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All Tech Considered
12:23 am
Wed December 26, 2012

Who Could Be Watching You Watching Your Figure? Your Boss

Mobile apps and devices track a user's health statistics. But those data are sometimes sold and can end up in the hands of employers and insurance companies.
iStockphoto.com

Originally published on Wed December 26, 2012 11:28 am

Those of us trying to lose some pounds after overindulging this holiday season can get help from a slew of smartphone apps that count steps climbed and calories burned. Self-tracking has also become a way for companies to make money using your fitness data. And some experts worry that the data collected could be used against users in the long run.

At a recent Quantified Self Meetup in downtown San Francisco, technology lovers are testing homemade do-it-yourself devices on people eager to measure their mind and body.

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The Salt
12:22 am
Wed December 26, 2012

Don't Fear That Expired Food

The expiration date on foods like orange juice and even milk aren't indicators of when those products will go bad.
iStockphoto.com

Originally published on Wed January 2, 2013 5:57 am

Now that the Christmas feast is over, you may be looking at all the extra food you made, or the food that you brought home from the store that never even got opened.

And you may be wondering: How long can I keep this? What if it's past its expiration date? Who even comes up with those dates on food, anyway, and what do they mean?

Here's the short answer: Those "sell by" dates are there to protect the reputation of the food. They have very little to do with food safety. If you're worried whether food is still OK to eat, just smell it.

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All Tech Considered
12:21 am
Wed December 26, 2012

Online Videos: Not Just Made By Amateurs Anymore

iStockphoto.com

Originally published on Wed December 26, 2012 3:07 am

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The Salt
11:14 pm
Tue December 25, 2012

The Rebirth Of Rye Whiskey And Nostalgia For 'The Good Stuff'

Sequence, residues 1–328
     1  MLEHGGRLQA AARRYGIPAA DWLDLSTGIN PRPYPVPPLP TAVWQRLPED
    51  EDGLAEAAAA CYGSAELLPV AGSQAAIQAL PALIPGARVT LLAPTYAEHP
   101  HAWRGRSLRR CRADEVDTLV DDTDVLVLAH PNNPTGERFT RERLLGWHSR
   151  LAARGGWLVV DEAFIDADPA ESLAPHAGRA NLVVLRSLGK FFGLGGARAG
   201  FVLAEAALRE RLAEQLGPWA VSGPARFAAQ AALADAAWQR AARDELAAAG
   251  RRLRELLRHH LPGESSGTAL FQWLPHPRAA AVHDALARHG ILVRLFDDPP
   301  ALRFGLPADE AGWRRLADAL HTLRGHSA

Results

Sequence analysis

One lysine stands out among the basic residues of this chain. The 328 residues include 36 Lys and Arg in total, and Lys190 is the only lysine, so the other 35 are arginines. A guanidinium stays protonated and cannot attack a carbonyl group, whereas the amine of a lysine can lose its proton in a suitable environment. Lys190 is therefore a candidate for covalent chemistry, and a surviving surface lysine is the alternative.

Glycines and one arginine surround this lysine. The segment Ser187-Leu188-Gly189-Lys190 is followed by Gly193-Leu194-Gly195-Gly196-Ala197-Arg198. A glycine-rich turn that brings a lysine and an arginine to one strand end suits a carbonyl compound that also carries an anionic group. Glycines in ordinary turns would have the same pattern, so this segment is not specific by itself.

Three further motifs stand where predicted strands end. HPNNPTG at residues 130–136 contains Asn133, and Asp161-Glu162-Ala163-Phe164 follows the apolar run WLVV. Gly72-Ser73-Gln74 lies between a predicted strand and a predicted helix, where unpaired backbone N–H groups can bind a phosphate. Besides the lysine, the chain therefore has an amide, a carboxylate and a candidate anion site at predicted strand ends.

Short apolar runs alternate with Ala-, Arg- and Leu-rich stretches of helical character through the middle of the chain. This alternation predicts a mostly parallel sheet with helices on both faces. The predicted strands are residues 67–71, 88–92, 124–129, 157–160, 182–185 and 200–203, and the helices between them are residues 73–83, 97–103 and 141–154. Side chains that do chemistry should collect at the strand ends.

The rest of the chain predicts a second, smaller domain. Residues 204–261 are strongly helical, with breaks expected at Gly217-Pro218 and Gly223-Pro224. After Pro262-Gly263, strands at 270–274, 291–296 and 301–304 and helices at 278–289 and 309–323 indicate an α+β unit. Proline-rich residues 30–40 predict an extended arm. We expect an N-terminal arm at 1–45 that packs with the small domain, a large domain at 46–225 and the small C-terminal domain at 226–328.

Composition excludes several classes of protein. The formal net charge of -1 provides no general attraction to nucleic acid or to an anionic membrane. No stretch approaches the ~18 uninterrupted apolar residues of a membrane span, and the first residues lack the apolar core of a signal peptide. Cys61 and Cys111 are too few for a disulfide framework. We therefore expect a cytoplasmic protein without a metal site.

Templeton bottles, filled and almost corked.
Noah Adams NPR

Originally published on Fri December 28, 2012 8:04 am

It used to be said that only old men drink rye, sitting alone down at the end of the bar, but that's no longer the case as bartenders and patrons set aside the gins and the vodkas and rediscover the pleasures of one of America's old-fashioned favorites.

Whiskey from rye grain was what most distilleries made before Prohibition. Then, after repeal in 1933, bourbon, made from corn, became more popular. Corn was easier to grow, and the taste was sweeter.

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Best Music Of 2012
11:12 pm
Tue December 25, 2012

Top 10 Top 40 Of 2012

Ellie Goulding
Courtesy of the artist

Originally published on Wed December 26, 2012 4:51 am

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Music Interviews
11:12 pm
Tue December 25, 2012

Perfume Genius: A 'Creepy, Beautiful Mix'

Perfume Genius.
Angel Ceballos Courtesy of the artist

Originally published on Wed December 26, 2012 3:07 am

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Animals
1:20 pm
Tue December 25, 2012

Study: Red Noses Help Reindeers Cope With Polar Air

Rudolph is of course known as the red-nosed reindeer, and scientists say they may know why that's the case.

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The Salt
12:59 pm
Tue December 25, 2012

Computers May Someday Beat Chefs At Creating Flavors We Crave

Does bell pepper and black tea sound appetizing? A computer may think so.
Ryan Smith NPR

Originally published on Thu December 27, 2012 7:06 am

Mario Batali, watch your back.

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NPR Story
12:59 pm
Tue December 25, 2012

The Bittersweet Tale Of An Odd Christmas Cookie Sandwich

Originally published on Tue December 25, 2012 1:26 pm

Transcript

ROBERT SIEGEL, HOST:

We've asked you to tell us what you eat on Christmas Day, regardless of whether you celebrate the holiday. And one thing we've learned from your emails, many of you do share common food traditions: puddings, cookies, eggnog. And some of you have your own little bit of quirk, like Sarah Schwab's(ph) family in Milwaukee. They have a special drink.

SARAH SCHWAB: It's called a Holiday Harvey.

(SOUNDBITE OF MUSIC)

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NPR Story
12:59 pm
Tue December 25, 2012

'Prophet School' Trains A New Generation In Israel

Originally published on Sun December 30, 2012 5:34 am

Hear the word "prophet" and the names Jeremiah, Isaiah, Ezekiel, Jesus or Mohammed may come to mind. While these are figures from the distant past, Rabbi Shmuel Fortman Hapartzi is training a new generation of prophets for a new age.

Fortman runs the Cain and Abel School for Prophets in Tel Aviv. It's named for the sons of Adam and Eve who, in the Bible, were the first human beings born of woman to speak directly to God and therefore, Fortman says, the first prophets.

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